Not to be outdone by rival NBC, which will extend the television broadcast of it’s daily morning show “Today” to an unprecedented fourth hour starting next week, ABC News launched the first installment of its “third advertiser-supported weekday hour of its 32-year-old-morning show ‘Good Morning America’” on Tuesday.
In terms of talent, NBC wins hand down. Ex-pro Footballer Tiki Barber and culinary vixen Giada De Laurentis are well-known and diverse enough correspondents to give “Today” an appeal greater than that of its syndicated cooking and talkshow competition.
But “GMA’s” third-hour host Chris Cuomo is competing in a slightly different demo, as the newly released “Good Morning American Now” will debut as a broadband-only program to appear on ABC’s News Now’s digital service.
Filmed at the ‘Good Morning America’ studies in Time’s Square, acccording to TV Week, “’GMA Now’ will not simply replay ‘GMA’ segments. ‘GMA Now’ will be built of taped segments with live news headlines and AccuWeather segments. The updates will be made throughout the day, inserted at the top of and midway through the program.” The program will also include extended versions of segments that made it to television broadcast.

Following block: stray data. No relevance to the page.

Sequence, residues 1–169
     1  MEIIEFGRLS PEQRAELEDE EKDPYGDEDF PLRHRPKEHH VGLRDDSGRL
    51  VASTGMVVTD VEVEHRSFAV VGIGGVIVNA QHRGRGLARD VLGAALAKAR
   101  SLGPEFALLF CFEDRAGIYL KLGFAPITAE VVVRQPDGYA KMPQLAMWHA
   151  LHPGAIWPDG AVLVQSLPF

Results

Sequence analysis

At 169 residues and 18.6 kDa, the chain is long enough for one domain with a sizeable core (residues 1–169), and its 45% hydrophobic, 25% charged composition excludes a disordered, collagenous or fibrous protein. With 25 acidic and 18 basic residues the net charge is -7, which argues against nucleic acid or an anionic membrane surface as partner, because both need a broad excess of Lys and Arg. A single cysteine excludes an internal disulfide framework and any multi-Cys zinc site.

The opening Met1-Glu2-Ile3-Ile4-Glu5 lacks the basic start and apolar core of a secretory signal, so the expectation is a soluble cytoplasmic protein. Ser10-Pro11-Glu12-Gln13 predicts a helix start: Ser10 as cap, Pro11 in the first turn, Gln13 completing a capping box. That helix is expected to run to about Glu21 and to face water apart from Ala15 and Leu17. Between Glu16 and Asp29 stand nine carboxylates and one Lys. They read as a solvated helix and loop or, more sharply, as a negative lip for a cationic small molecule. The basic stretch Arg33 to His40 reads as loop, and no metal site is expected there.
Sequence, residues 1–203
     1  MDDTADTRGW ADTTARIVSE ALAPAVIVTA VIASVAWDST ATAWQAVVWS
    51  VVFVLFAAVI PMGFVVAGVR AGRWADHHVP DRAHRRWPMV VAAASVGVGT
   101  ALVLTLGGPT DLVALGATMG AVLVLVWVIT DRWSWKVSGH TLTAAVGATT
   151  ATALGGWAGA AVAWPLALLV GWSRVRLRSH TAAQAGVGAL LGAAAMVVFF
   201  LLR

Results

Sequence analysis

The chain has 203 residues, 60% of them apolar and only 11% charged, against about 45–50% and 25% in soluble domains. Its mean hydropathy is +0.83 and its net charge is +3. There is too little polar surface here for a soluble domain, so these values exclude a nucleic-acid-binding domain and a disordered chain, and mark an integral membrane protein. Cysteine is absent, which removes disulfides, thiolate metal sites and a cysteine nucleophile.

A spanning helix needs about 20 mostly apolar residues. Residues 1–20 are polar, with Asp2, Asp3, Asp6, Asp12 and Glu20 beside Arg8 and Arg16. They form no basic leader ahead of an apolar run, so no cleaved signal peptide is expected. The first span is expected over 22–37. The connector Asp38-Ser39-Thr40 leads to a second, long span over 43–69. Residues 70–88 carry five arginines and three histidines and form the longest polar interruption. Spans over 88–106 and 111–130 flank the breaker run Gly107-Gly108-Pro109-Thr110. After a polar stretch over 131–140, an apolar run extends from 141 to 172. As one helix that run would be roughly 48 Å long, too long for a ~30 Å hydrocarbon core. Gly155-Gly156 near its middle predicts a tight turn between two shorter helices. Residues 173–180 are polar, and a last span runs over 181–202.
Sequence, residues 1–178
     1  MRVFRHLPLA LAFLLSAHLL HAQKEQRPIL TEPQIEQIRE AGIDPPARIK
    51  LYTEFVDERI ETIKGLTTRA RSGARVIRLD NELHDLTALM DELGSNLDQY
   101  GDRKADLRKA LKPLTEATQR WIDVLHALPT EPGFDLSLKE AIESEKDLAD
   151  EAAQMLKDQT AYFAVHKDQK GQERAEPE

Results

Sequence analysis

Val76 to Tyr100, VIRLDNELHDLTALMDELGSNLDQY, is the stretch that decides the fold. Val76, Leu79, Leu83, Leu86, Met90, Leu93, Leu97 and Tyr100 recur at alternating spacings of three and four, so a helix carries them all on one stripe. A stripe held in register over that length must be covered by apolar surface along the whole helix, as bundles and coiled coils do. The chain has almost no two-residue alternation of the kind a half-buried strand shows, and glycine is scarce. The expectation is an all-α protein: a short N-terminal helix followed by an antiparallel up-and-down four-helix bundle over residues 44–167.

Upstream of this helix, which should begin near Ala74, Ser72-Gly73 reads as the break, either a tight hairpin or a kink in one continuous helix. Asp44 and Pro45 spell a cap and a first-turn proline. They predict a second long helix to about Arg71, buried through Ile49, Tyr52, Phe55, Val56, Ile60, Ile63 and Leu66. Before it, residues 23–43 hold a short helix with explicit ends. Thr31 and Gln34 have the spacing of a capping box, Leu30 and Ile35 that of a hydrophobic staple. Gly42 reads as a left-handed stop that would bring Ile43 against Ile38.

I’d like to give you a first hand account and critique of the show, but I can’t watch it. Like ESPN’s fresh cut ESPN 360, the full version of the program is only available to subscribers to one of ABC News Now’s digital services or partners (my Time Warner Cable isn’t one). And like ESPN 360, this sets a dangerous precedent to an open and free Internet.
“Good Morning Now” is working on an advertising model with built-in commercial breaks, so why not let anyone and everyone view those ads? With distribution costs growing increasingly smaller, the economics of web video appear to be in the number of eyeballs a show can wrangle, not in partnerships of exclusivity. Why make a chunk of your potential audience basically blind?